The simplest way is for them to make statements such as “I think you are quite patient” for their partner to respond to with expressions like “Are you pulling my leg?
After they have answered the questions, they can work together to guess what they were being tested on (e.g.
how generous they are), and to compare their answers with their partner(s).
Good activities will also allow them to use the words over and over again and to think about them in more depth until they really are clear about the meaning and connotations. Possibilities include putting the adjectives in order of importance for a lover, spouse, employee, boss, teacher or politician.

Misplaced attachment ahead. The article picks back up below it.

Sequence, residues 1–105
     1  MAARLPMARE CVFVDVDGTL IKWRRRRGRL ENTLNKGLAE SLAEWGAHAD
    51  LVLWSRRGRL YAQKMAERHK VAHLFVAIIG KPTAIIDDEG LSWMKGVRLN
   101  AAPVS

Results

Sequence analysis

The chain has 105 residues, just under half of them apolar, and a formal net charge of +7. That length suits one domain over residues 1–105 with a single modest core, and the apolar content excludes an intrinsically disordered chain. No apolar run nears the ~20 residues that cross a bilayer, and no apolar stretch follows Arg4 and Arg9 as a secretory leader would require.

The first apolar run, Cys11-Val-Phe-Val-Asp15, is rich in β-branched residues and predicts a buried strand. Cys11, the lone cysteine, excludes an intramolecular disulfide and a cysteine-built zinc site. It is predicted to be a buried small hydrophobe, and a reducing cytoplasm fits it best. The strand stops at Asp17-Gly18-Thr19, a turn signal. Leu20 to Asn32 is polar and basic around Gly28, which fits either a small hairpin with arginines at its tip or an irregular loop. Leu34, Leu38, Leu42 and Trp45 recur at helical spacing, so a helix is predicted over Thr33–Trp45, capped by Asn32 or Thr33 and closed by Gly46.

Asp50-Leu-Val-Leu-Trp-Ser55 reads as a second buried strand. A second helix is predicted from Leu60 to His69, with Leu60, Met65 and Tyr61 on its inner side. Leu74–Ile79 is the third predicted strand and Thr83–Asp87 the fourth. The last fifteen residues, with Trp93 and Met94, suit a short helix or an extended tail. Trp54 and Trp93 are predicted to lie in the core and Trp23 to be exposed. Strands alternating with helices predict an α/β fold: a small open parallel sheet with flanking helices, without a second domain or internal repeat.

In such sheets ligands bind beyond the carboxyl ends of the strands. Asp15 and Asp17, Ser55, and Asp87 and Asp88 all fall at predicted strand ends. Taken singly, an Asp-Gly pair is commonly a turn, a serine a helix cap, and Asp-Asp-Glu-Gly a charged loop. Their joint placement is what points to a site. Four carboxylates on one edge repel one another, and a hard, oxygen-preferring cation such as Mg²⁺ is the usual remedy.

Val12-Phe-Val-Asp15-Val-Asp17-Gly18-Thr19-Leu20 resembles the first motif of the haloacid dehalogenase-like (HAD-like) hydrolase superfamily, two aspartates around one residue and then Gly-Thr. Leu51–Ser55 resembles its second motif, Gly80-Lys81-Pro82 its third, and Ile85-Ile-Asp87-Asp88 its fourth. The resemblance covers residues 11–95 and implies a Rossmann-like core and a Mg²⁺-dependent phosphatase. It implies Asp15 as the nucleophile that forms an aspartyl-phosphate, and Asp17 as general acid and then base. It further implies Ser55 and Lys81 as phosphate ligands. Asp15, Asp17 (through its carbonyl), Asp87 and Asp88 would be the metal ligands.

They can then write similar questionnaires for other personality words for other groups to answer the questions on and then guess which character traits are being tested.
Creative and high level groups might also be able to improvise such questions without writing them down. Your personality Ask students to guess each other’s personality.
They can then compare their ideas with another group. Roleplays Give students a roleplay card telling them what their personality is, and ask them to act that way until their partner guesses what adjective they were given.
Situations in which they can do so include shopping, blind dates, job interviews and press/TV interviews. Describe the people One student uses personality adjectives to describe someone until their partners guess who they are talking about.